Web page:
How Fast Can We Grow?
Jude Wanniski
August 23, 1996


Memo To: Richard Stevenson, NYTimes
From: Jude Wanniski
Re: How Fast Can We Grow?

Your piece today on "Dole's Plan for Economy Could Be Hard to Fulfill" has at its core the question of how fast can the economy grow without inflation. The reason I would give you a low mark, not more than a C-, if I were grading you in J-School, is that you mix apples and oranges for the readers, and never sort them out. There is no question that an economy can grow faster than 3% or 4% for some period of years. None. Your own newspaper reports that China has been growing at a 9% or 10% annual rate for the last 10 years. Yet you quote Lyle Gramley, a former Fed governor, as saying: "Certainly a claim that we can increase the growth rate to 3.5% is not at all likely to come true in my lifetime, almost no matter what." You don't make it clear, Dick, that China's growth rate can remain at 9% a year until it fully utilizes its human potential, when labor and capital are at a peak of efficiency. Only then will it be able to grow only at the level Gramley seems to be talking about, the 2 1/2% which has been the observed rate over centuries. The same is true for any country that has fallen below its potential growth rate for a period of time. Supply-siders do not believe the economy can grow at a rate faster than 2 1/2% over the long run, but we can grow at twice that rate until we get capital and labor back to a peak of efficiency. For the last 30 years, we have been steadily eroding the efficiency of capital, which is why wage rates gave been in decline. We have had the worst inflation in our history, because of the decision to leave gold and go to greenbacks in 1971, and while we have protected labor income from inflation and cut its marginal tax rate, we have not protected capital gains from the impact of this horrendous inflation.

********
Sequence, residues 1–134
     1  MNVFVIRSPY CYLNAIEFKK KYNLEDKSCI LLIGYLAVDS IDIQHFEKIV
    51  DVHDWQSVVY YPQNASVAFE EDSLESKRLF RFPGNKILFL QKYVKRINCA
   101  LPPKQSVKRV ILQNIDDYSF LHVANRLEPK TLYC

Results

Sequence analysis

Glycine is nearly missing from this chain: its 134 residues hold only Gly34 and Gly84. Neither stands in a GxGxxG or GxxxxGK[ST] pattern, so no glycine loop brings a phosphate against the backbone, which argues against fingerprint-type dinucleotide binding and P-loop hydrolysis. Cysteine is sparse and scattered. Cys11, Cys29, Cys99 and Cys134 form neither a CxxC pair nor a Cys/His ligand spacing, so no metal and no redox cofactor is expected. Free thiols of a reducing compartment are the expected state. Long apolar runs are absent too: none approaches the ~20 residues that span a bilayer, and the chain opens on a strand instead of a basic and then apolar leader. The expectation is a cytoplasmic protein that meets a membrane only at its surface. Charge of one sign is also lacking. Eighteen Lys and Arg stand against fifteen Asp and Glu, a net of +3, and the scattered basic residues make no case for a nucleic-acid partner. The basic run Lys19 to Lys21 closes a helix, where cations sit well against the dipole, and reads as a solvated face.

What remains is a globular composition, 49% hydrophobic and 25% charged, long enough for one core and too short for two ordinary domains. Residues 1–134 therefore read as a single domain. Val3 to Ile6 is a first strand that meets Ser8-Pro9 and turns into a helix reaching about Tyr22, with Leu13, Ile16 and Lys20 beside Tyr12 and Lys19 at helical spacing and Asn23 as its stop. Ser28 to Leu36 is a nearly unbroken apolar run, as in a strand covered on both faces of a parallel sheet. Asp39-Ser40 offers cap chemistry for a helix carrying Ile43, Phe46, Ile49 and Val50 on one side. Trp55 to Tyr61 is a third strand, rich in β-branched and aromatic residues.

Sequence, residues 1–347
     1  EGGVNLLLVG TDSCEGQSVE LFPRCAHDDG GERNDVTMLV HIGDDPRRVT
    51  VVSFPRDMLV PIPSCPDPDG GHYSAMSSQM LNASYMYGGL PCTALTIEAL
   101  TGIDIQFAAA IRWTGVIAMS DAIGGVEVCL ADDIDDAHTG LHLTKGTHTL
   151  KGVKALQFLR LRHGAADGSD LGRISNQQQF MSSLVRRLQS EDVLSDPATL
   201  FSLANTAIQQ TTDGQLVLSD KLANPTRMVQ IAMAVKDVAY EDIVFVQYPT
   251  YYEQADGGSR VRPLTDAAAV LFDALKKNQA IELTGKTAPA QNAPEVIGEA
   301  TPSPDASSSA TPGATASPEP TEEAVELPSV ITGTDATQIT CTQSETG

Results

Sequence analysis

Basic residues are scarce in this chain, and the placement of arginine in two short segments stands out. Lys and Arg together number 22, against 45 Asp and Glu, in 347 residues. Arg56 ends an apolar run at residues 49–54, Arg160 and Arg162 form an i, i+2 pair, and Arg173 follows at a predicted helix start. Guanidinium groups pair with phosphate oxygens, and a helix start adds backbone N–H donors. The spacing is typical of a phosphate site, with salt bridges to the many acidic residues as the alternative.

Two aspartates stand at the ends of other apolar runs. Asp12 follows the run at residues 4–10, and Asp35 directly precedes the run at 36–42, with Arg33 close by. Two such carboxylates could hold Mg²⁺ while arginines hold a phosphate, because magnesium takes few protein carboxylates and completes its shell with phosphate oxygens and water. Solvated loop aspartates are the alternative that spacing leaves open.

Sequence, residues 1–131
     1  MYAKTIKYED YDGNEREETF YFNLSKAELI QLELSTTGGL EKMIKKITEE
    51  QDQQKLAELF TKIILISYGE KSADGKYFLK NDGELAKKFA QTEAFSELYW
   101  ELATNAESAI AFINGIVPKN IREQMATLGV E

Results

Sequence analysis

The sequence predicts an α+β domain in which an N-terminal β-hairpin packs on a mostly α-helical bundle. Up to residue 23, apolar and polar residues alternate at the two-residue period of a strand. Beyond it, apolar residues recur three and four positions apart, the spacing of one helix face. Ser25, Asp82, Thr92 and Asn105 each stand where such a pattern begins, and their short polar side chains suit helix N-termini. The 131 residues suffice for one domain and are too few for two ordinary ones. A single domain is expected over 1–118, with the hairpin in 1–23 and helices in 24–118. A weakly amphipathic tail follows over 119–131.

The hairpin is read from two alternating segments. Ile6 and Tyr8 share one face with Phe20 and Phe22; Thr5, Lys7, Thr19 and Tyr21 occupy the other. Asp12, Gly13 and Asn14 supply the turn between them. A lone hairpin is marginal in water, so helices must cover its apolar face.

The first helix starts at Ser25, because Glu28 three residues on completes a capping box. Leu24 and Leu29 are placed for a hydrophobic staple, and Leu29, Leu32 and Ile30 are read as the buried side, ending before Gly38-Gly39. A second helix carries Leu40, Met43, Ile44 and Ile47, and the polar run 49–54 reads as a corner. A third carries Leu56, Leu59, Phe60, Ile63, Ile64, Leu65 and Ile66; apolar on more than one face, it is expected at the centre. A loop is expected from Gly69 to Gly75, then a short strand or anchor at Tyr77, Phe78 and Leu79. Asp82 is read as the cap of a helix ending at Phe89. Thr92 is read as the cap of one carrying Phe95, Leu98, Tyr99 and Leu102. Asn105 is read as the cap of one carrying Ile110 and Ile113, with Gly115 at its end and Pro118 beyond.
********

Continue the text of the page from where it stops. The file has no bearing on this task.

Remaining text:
We can grow at 4% or 5% for several years without inflation, or for 3 1/2% a year for a decade or two without inflation. Don't take my word for it. Ask Alan Greenspan and he will tell you how to do it!! But let's not have a national debate on economic growth in the Times over apples and oranges, or permit it to dissolve into the administration's ad hominem arguments.

After all, you do quote Labor Secretary Reich, who after saying "it is certainly fair to have a debate about growth," dismisses the idea of faster growth with an ad hominem sneer: "We tried supply-side economics in the 1980's. It's been subjected to real live national experimentation, and it utterly failed." Does Reich get the last word?

Please turn to the editorial page today and you will find a column on "The Return of Voodoo Politics," written by your colleague Steven Weisman. In it you will find an accurate description of how supply-side economics was tried in the 1980's. He writes glowingly of Richard Darman's new book, as if this is the authority on the experiment, when he did everything he could in those years to undermine the supply-side tax cuts of 1981. He and David Stockman could not entirely block the tax cut that Reagan promised the American people in 1980, so he schemed to take it back later. Your colleague at the NYT, Mr. Weisman, reminds us: "The fixes came in part when Mr. Reagan won approval of tax increases in 1982, 1983, 1984, 1986 and 1987." Please Dick, let that statement sink in, and then read Weisman blithely dismissing the supply-side "chimerical" fantasy that "revenues would magically appear to close the Federal deficits." By any accounting used in the 1980s, the 1981 tax cuts were dwarfed by the tax increases of the following years, not to mention the Bush tax increase of 1990 and the Clinton hike of 1993. How can you let Reich get away with arguing the supply-side experiment failed, when all we got out of those years were the lower marginal rates?

The reason I take such pains this morning to write this to you is that the greatest newspaper in the world, the most powerful and influential has assigned you to cover the debate over economic growth that is at the center of discussion on the planet. The fate of six billion people are hanging on this debate.